Saturday, July 26, 2014

DAY 37 – 22 July 2014; Moscow to St. Petersburg

There was so much to see and do in Moscow and little time. But the two days were used to the hilt. That also meant that documentation suffered a great deal. I was behind on blog posts. So I started that immediately after I woke up and was in the middle of one when Mr Cherian Eapen dropped in to see me in the room. He had come with the intention of sharing a breakfast table. He was surprised when I told him that I had completed my unvarying routine in the restaurant over the past three mornings – 3 cups of coffee starting at 7.30 am with omelette, sausage, cold cuts, crepes and cake.

As decided the previous day we got off to a 10 am start from the hotel. Rajhu had deputed his driver,
Rattan, to pilot us to the beginning of the M10 highway to St. Petersburg. Rattan, a Nepali resident  in Delhi, has been with Rajhu in Moscow for the past 5 years. He is ‘go to man’ for Rajhu. Rattan helped me exchange the left over RMB, SOM and some USD to Roubles to last us out for the rest of our stay in Russia. After getting the log sheet attested by Mr Eapen we said our farewells to Rajhu, Dattan and Sujith. These Guardian Angels looked after us in many ways and made our stay absolutely comfortable. This has been a feature of the journey. We have met excellent souls who have extended all support and assistance, much more than we asked and many times more than we expected.

I was told that the 700 plus kms to St Petersburg could be covered in under 7 hours. The 10 am start, I figured, would get us into the city by 5 pm, so that we would be able to do a bit of sightseeing in the evening. That plan went wrong. The huge traffic hold up, repair to roads and stoppages en route for fuelling, lunch and tea took us to the outskirts of the city by 8.30 pm. The road condition on M10 was quite good. Even though it was essentially a two lane road, the third middle lane was very efficiently used for overtaking and turning. The discipline on the road is seen to be believed. The fact is that undisciplined driving would mean a sure accident. The speed is varyingly limited to 110 and 90 kmph but even multiple axle trucks ply faster than the permitted speed. Police use radar detection at regular intervals; we did see a few drivers being pulled to the side for necessary action.

100 kms short of St Petersburg I got in touch with Sunil Warriar, the contact provided by Dattan. Sunil was to have made arrangements for our stay and sightseeing in the city. He gave me elaborate direction to reach the World War memorial, where he would join us. I reached the rendezvous point without any hassle. It was 8.30 pm and the sun was nowhere near the point where it was about to set. The heat was intense and rays too bright for comfort. Sunil and Binoy, a medical student, met us as appointed and piloted us through the large city to what turned out to be the parking lot. Driving into the city did not give me an indication of grandeur as I felt in Moscow. Of course, the city looked better organised with wide straight roads and busy traffic. Both the cities are well served by public transportation such as trolley busses, trams and Metro. The parking lot was some distance away from the serviced apartment Sunil had sourced for us. Binoy carted our luggage in his car to the apartment, which was almost next door to the Indian Consulate and a stone’s throw away from Jai Hind, an Indian restaurant.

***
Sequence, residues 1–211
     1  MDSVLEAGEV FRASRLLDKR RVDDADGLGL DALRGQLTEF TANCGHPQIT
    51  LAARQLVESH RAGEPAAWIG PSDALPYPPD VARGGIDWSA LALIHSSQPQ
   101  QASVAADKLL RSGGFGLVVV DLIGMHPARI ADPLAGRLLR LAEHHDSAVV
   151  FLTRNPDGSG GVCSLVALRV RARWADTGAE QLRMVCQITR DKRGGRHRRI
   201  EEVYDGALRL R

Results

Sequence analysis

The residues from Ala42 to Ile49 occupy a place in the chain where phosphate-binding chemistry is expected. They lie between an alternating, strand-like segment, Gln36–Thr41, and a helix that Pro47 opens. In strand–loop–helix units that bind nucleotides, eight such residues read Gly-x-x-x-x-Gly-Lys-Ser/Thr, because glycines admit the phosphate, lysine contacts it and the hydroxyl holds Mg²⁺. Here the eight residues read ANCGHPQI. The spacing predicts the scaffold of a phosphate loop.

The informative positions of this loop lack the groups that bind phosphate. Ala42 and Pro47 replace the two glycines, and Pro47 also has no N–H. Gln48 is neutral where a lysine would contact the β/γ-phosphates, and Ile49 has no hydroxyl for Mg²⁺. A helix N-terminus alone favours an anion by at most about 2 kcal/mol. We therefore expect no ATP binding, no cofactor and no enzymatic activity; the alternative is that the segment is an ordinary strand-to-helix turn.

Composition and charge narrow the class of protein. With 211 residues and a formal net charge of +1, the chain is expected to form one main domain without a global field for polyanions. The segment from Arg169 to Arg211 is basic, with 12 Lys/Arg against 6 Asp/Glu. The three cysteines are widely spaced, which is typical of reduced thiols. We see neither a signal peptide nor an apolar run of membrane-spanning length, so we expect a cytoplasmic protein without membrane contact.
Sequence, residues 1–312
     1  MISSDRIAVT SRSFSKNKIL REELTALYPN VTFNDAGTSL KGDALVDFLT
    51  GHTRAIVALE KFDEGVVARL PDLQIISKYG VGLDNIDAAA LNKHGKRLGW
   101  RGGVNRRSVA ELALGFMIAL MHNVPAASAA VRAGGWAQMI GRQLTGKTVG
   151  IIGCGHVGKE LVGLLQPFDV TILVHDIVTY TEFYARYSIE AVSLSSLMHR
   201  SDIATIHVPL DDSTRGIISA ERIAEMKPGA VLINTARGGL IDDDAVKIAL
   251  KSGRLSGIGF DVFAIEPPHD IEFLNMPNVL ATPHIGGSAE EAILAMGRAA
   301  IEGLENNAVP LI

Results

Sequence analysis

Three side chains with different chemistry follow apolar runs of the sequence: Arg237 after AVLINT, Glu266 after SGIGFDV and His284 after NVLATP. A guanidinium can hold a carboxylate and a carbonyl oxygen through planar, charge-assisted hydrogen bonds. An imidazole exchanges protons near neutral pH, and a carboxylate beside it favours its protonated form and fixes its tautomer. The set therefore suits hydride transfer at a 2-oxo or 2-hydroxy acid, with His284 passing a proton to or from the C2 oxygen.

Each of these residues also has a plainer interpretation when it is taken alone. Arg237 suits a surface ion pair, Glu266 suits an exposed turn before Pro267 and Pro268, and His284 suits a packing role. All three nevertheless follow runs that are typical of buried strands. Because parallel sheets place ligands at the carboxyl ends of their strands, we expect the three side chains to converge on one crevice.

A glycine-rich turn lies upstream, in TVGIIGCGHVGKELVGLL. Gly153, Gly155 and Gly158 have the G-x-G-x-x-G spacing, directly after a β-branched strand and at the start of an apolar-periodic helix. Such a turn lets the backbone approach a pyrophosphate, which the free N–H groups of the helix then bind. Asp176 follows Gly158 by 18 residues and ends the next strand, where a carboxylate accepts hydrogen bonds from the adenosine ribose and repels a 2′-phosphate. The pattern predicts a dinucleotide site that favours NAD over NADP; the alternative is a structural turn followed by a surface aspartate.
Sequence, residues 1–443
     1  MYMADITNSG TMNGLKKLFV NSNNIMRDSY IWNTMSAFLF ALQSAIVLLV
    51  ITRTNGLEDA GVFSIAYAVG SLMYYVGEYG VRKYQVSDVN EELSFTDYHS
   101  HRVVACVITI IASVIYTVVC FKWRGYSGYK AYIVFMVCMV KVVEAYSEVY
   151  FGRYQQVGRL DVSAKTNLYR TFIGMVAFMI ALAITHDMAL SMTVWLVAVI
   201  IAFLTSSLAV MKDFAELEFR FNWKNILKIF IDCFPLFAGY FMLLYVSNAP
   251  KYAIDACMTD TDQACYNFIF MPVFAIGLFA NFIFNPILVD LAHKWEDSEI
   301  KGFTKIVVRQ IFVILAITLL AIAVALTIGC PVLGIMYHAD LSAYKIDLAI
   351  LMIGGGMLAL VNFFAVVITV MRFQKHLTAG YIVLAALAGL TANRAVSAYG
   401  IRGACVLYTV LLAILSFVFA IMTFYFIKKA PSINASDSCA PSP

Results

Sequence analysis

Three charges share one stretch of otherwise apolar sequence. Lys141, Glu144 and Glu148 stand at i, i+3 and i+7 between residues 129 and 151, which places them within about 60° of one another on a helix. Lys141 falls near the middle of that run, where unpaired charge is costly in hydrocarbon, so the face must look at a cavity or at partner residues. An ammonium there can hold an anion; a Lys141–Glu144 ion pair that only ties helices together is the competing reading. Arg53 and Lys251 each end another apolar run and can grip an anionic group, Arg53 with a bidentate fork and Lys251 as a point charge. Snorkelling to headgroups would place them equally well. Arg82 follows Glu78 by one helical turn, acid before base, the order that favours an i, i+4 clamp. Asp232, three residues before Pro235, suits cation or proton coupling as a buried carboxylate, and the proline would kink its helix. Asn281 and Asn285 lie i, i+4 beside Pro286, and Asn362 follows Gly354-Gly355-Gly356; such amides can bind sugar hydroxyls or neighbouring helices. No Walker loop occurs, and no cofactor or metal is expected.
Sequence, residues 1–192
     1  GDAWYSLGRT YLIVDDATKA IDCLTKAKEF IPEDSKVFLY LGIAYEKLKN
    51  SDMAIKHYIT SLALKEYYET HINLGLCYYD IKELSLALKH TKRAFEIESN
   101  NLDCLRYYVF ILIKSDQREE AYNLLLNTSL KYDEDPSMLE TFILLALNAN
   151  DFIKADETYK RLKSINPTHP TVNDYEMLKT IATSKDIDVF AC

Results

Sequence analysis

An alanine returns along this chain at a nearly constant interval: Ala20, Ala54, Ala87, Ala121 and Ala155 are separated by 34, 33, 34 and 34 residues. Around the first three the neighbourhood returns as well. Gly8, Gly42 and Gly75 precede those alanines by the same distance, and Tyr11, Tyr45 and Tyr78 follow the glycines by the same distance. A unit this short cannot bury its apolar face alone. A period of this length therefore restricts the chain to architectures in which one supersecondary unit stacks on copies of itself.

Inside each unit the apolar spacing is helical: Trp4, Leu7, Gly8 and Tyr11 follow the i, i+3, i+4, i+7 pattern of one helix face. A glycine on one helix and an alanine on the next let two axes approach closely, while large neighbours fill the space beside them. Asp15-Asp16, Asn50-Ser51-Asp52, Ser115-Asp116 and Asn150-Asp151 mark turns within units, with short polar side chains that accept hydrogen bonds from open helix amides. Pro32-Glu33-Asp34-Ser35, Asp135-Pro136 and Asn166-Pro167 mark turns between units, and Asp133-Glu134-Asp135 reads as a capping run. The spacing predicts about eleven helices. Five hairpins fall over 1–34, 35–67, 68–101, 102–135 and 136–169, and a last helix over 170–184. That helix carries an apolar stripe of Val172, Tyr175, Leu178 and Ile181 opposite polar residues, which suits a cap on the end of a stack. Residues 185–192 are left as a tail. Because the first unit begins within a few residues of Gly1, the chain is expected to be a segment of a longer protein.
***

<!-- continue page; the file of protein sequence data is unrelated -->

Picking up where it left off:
Over dinner at the Indian restaurant we got to know Sunil and Binoy better. Sunil, from Trichur in Kerala, has been resident in Russia since 1992 doing a variety of jobs, including working in the Indian Consulate. He is presently on his own. His wife teaches in the International School, where his son is a student. Both were away on vacation to Kerala. Binoy has a year to complete his graduate medical course. He, like many of his course mates, works part time, particularly during vacations, to supplement his financial support. He intends to return to Kerala to practise. The conversation also veered around to what we could do the next day. Sunil and Binoy chalked out a route plan to optimise the available time.

Dinner at Jai Hind consisted of Dosas and Biriyani. Russian beer was at hand to accompany the meal. The food was very tasty and so was the gulab jamun. The young girl who waited on us in the restaurant is a student too; she hailed from Rajahmundry. Most students work part time, though not legally, and mostly in restaurants. We left the hotel after a photo session – one of the lady guests in the hotel, a Malayalee who was visiting the city with her husband on official duty from the Mazagaon Docks, also joined the session.

When we left the hotel close to 11 pm it was still not dark; there was yet no need for street lights. I was experiencing a white night. Sleep came easily after I washed clothes and hung them out to dry.

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